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It’s Podcasters Time To Shine In K-12 Education

By News Creatives Authors , in Business , at November 1, 2021

Covid hit schools hard. As virtual learning increased, in most cases, achievement decreased. To fix what amounted to a lost year for many students, the government approved an unprecedented amount of funding for education. The ESSER Fund (CARES Act) provides $13.5 billion, the ESSER II Fund (CRRSA Act) grants $54.3 billion, and the ARP ESSER/ESSER III (ARP Act) brings $122.7 billion. K-12 schools are ready to shop and in desperate need of innovative solutions to engage their pandemic-weary students. Podcasts could be the answer.

Many tech-embracing teachers have long been integrating podcasts into their classrooms. They use audio to add another layer to their teaching, or in some cases, to replace it. After all, a professional storyteller like Dan Carlin can bring history to life like few teachers can.

Podcasts make for a good stand-in for lectures, and having students create their own podcasts can be a great way to have kids show what they learned and synthesize the new information. Some educators follow The Walking Classroom’s lead, having students move while they listen, bringing exercise into the school day without losing learning time.

The New York Times

, maker of hit podcast The Daily, is in the school podcast space too. They have hosted a podcast contest for students for the past few years and offer great resources (for kids and adults) on how to craft compelling audio content. Other media organizations, like APM, offer educational podcasts and resources to supplement them. These offerings, like many in the podcasting space, are free, but there are ways to monetize.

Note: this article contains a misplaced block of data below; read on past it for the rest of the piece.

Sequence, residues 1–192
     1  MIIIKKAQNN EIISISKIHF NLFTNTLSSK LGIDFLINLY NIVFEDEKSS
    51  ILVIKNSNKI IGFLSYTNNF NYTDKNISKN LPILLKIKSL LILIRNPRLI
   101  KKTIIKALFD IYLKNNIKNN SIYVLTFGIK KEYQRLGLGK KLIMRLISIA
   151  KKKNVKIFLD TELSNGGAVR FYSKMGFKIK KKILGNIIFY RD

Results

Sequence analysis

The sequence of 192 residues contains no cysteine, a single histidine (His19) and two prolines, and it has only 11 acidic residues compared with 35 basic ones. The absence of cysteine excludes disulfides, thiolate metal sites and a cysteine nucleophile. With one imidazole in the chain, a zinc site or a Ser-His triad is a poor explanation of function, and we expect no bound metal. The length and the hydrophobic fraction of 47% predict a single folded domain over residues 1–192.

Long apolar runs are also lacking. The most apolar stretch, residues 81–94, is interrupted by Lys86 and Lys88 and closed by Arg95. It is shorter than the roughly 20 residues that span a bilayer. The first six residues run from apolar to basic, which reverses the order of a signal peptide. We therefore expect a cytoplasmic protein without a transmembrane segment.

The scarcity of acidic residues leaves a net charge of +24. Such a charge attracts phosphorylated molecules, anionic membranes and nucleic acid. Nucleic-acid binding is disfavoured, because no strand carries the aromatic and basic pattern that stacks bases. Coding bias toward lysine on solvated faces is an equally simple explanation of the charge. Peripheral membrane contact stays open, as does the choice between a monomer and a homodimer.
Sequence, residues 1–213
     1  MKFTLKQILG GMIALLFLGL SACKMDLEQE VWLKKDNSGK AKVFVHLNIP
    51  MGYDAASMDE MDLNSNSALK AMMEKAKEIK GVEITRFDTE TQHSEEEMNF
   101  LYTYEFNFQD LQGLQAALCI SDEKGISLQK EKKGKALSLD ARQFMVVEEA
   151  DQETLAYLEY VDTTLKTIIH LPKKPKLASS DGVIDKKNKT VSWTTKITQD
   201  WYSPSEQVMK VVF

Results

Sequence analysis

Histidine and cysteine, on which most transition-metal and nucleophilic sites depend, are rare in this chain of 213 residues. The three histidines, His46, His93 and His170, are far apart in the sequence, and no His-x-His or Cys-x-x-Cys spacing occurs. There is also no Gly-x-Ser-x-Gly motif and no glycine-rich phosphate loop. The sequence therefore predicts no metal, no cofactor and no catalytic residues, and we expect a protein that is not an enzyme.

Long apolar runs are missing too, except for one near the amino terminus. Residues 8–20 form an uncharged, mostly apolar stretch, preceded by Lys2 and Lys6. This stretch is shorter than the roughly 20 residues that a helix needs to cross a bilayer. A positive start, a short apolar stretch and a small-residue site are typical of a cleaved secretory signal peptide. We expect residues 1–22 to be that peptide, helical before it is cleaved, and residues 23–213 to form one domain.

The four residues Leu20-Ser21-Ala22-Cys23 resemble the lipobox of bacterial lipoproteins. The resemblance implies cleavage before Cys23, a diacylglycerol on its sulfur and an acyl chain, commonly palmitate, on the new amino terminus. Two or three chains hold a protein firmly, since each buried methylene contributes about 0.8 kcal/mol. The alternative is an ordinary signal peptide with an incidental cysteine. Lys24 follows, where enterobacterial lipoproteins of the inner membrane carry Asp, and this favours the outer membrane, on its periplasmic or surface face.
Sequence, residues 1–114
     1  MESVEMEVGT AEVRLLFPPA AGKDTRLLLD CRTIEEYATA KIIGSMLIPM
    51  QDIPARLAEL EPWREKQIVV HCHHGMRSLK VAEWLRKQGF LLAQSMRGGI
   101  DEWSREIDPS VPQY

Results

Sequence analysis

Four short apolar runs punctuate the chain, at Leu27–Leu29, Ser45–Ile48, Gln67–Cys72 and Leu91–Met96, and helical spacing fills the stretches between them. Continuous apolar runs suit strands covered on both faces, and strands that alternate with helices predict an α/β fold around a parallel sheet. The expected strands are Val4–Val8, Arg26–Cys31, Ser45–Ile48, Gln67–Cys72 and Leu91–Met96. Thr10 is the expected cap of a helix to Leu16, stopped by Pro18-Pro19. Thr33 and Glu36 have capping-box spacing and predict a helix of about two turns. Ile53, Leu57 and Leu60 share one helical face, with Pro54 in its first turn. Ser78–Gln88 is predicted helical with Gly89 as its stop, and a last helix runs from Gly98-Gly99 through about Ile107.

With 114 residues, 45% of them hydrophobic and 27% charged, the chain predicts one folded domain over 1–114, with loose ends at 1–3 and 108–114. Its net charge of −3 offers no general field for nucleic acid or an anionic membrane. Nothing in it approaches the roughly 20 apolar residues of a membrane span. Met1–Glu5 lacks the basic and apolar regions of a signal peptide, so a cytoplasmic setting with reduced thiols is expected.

Soundtrap by Spotify is one example. It provides educators and students with a way to create audio content collaboratively, and it has all of the bells and whistles that educators love, like integrations with learning management systems. Soundtrap’s pricing starts at $4.98 per student, with a 50 student minimum.

A teacher favorite for podcast content, Gen-Z Media, uses Patreon to get financial support. They have seven membership levels from $1 to $100 per month.

It’s not just those already in the podcasting space who can capitalize on this moment when schools need engaging, effective teaching tools—and have the money for them. Those already in the K-12 space should too.

Many education companies know that podcasts are crucial. But they’ve been focused on integrating them into their marketing plans, not business models. As part of marketing, audio content has helped to create community among their educator users by offering podcast episodes that teach teachers. This builds the companies’ brands and credibility, which is important. But if that’s the extent of an education company’s use of podcasts, they’re missing out.


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